Can Do! (Charlotte Networking for Development Opportunity) has been drawing large numbers of attendees who are interested in the prosperity and vitality of the region to its monthly meetings.
“When action items arise during our monthly strategic discussions, those projects go to one of Can Do!’s pillars or committees,” said Barbara Fulton, Can Do! chairperson. “That’s where the action happens.”
This month, the leaders of those action groups will discuss the innovations, projects and community engagement happening within those pillars and committees. They will take center stage at 7 a.m., Wednesday, June 22, at the Charlotte Community Library.
The speakers on the panel include Adrian Bass, representing the Leadership Pillar, Kellie Hanford, representing the Entrepreneur Pillar, Bill Barnes, representing the Youth Pillar, Christi Dutcher, representing the Charitable Assets Pillar, Bryan Myrkle, representing the Marketing Committee, and Patrick Sustrich, representing Charlotte Step-By-Step.
The Can Do! pillars began about 10 years ago, springing from a national program called Hometown Competitiveness. A similar program was adopted in Charlotte as Hometown Partnerships and is based on the concept of four pillars that support not only the community, but are also interdependent. The four pillars are Youth, Entrepreneurship, Leadership and Charitable Assets.
“The basic concept is that, without any one of these, a community is not complete,” Fulton explained.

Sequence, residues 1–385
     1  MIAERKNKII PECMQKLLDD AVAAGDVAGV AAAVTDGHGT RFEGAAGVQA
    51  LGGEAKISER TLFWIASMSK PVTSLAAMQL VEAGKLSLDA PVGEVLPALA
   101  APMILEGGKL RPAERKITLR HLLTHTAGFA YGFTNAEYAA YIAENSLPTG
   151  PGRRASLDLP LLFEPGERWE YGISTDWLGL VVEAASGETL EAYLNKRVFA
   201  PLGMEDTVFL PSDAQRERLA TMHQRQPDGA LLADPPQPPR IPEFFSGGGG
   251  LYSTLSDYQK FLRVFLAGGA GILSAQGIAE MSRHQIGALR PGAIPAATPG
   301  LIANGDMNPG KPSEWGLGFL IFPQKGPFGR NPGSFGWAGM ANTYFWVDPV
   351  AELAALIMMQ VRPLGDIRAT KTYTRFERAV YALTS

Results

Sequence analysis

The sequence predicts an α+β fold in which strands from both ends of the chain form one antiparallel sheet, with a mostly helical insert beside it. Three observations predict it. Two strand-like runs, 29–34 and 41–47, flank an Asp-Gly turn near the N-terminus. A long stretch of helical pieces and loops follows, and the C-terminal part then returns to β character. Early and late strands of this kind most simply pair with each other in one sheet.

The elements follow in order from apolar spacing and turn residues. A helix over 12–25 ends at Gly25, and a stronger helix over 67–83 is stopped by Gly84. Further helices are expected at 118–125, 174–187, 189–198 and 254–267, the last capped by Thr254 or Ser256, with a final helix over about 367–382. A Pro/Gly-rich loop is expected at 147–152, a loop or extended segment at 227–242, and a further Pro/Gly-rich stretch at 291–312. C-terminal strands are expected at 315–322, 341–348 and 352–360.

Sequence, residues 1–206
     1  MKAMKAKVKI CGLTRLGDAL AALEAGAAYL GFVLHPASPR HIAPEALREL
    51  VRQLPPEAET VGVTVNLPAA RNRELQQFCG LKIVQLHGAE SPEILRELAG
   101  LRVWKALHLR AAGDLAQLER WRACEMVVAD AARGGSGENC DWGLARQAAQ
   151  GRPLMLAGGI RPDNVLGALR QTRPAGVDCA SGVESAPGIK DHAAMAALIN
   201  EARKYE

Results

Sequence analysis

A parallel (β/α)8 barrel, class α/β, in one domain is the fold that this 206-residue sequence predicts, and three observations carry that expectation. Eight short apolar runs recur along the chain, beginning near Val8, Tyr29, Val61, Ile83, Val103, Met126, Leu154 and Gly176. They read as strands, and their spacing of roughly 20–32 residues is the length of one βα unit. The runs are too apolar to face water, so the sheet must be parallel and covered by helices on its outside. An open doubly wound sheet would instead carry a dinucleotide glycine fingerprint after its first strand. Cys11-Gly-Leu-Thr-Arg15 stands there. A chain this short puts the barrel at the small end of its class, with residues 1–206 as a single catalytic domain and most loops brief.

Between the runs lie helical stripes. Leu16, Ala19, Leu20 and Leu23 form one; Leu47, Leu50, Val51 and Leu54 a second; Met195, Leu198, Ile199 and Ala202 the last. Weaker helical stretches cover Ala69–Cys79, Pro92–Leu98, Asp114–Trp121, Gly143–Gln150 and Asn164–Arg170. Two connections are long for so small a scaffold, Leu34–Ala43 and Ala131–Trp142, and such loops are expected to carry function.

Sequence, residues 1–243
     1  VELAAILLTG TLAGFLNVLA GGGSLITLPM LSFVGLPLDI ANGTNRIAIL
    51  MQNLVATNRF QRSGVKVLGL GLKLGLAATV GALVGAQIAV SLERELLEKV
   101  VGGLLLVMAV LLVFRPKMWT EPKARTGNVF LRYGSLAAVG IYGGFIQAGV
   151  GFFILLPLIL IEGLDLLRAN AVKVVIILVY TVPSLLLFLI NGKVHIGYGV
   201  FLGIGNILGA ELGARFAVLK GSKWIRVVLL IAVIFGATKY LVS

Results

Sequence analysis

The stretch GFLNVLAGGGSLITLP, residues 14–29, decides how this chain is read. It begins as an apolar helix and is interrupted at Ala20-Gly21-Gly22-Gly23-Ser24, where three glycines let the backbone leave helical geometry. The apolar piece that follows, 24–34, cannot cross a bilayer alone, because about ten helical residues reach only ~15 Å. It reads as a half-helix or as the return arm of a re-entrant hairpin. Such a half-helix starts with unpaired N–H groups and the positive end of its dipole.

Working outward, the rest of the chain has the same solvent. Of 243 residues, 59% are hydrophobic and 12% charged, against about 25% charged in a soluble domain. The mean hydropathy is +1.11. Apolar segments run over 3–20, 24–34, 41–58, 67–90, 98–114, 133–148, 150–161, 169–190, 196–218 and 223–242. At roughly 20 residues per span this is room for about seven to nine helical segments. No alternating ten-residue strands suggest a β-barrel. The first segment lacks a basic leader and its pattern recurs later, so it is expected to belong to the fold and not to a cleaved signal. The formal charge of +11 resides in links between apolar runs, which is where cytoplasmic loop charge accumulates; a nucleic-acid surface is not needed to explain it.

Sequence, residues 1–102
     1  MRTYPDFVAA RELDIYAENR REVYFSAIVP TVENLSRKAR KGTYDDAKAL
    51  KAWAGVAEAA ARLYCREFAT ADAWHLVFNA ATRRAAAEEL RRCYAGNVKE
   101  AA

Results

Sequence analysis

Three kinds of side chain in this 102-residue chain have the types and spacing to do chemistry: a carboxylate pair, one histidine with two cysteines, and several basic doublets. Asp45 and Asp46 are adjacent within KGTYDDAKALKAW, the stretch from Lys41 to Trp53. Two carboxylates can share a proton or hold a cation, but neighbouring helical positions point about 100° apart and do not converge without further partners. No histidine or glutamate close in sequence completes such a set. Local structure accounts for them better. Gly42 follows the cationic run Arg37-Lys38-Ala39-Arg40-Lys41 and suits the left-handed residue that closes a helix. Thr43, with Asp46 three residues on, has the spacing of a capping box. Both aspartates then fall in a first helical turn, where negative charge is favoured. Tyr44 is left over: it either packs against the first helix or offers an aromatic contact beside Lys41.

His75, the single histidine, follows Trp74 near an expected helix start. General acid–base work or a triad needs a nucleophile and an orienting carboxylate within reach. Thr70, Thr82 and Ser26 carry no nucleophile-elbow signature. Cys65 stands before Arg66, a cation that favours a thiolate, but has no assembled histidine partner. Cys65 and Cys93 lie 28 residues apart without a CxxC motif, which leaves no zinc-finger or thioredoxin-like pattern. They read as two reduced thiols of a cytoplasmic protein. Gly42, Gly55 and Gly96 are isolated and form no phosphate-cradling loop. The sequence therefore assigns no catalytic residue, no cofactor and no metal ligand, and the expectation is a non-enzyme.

The program recognizes that the future depends on creating dynamic attractive community opportunities, drawing individuals and families who want to get involved, creating and supporting new businesses, and sustaining a strong community foundation.
Can Do! has blended the Hometown Partnership approach with the Seven Elements of Healthy Communities: Environment, Basic Needs, Health and Wellness, Education, Economy, Arts and Culture, and Neighborhoods and Communities. Each month, Can Do! programs examine one of the Seven Elements from the standpoint of community vitality and prosperity. The June program is a special exception, when the pillars or committees demonstrate how they work related to the multiple elements of healthy communities.
Those who attend the Can Do! meeting have the option to bring their smart phones, if they have them, to participate in an anonymous survey about our community.
The Charlotte Community Library is located at 226 S. Bostwick Street in Charlotte.
Can Do! is a community networking group designed to engage community members to support economic development and quality of life initiatives. Free meetings on the fourth Wednesday of each month are open to everyone, and feature speakers and topics relative to the promotion and development of the Charlotte community.
For more information about Can Do! please visit Can Do!’s Facebook page or CharlotteCanDo.org or email email@example.com.
Article submitted by Can Do!